There’s lots more we could say about the Gospel Hypothesis and the Myth Hypothesis, but I’m going to wrap up this series with the big one: sin and evil. If the Myth Hypothesis is true, then there’s no reason to expect the universe to be particularly concerned about our well-being and happiness. As material beings, we’re going to be subject to the same limitations, weaknesses, and life expectancy of any other material organism. We’re going to depend on—and compete for—material resources like food and shelter, and sometimes those things are going to be lacking. A certain amount of suffering is going to be normal, but we’re going to care about it and want to avoid it, and so we’re going to identify it as “evil” or some similar concept.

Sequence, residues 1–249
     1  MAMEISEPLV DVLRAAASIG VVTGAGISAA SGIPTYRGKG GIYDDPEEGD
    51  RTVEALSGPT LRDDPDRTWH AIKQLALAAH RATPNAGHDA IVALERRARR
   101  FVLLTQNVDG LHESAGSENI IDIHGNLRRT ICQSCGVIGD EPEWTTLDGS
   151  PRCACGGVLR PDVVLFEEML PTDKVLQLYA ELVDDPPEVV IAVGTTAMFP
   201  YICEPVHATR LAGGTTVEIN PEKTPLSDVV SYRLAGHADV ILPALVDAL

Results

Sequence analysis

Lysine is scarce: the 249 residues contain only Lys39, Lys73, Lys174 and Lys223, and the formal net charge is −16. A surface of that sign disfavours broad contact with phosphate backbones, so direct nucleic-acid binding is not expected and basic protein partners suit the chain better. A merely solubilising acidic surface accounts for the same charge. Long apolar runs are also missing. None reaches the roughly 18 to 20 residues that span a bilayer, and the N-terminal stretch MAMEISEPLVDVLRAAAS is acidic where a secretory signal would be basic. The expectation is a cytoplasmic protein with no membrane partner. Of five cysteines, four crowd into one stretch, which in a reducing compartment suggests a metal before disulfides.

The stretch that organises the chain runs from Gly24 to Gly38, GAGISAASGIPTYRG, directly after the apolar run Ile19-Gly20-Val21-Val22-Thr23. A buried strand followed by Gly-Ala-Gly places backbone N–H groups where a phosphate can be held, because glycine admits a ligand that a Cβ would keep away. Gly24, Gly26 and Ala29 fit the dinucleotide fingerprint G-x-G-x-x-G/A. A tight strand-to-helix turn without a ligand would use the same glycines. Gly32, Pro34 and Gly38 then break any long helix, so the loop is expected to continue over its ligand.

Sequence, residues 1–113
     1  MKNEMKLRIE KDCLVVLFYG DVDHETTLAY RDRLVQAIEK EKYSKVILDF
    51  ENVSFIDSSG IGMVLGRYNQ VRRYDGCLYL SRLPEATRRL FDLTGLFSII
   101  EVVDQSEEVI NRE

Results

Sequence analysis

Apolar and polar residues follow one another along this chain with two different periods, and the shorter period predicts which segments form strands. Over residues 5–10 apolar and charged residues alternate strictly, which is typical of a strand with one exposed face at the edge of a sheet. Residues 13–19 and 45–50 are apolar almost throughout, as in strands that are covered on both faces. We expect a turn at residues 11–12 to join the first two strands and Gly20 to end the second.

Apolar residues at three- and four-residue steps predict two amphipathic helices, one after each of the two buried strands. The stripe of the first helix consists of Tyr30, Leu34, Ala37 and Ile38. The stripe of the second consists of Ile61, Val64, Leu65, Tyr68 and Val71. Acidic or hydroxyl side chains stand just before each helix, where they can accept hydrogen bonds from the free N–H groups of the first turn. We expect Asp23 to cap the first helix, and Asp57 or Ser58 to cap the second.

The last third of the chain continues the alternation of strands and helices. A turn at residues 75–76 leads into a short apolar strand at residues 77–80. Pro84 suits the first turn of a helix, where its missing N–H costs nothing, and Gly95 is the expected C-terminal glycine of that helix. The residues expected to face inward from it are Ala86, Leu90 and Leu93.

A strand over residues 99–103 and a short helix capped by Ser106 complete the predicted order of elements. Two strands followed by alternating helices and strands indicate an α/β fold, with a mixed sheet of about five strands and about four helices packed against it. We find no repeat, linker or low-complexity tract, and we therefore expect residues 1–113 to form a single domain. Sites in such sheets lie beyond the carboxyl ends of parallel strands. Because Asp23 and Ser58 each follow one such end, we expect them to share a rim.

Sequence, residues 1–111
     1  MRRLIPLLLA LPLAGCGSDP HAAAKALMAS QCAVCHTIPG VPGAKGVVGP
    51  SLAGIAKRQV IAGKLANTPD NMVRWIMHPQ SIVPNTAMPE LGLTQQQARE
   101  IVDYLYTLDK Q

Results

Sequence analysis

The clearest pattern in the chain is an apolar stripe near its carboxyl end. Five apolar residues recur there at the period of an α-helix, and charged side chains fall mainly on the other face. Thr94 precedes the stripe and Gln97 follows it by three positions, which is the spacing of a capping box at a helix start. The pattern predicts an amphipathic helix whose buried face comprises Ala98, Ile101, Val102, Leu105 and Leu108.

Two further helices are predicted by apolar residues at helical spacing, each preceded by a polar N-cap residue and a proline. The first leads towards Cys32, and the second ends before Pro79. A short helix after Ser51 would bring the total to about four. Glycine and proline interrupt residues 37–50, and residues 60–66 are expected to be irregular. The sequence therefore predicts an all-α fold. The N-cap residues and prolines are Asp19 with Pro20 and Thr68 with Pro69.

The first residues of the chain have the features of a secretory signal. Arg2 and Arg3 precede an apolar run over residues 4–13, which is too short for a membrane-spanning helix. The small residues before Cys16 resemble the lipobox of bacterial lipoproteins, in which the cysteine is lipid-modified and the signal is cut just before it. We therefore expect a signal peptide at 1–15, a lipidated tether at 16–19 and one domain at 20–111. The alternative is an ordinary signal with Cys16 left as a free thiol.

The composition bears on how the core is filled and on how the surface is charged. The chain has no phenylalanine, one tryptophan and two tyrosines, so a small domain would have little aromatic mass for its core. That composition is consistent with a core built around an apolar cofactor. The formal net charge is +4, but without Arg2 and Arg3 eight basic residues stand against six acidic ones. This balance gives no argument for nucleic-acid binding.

“Sin,” in the sense of offense committed against a deity, won’t exist per se, but offenses against people will. To the extent that we identify certain behaviors as socially unacceptable, we’ll have what you might call sins, even without any gods. And to the extent that people are willing to forgive us for our offenses, we’ll even have forgivable sin, repentance, and redemption, all without God. People may forgive sin, or not, but there won’t be any gods to do so. Thus, there won’t be any divine punishments for sin either. There will, of course, be natural disasters, which superstitious people may arbitrarily attribute to God, but God Himself won’t ever show up and say, “This happened because I was angry about such-and-such.” It will all be superstition.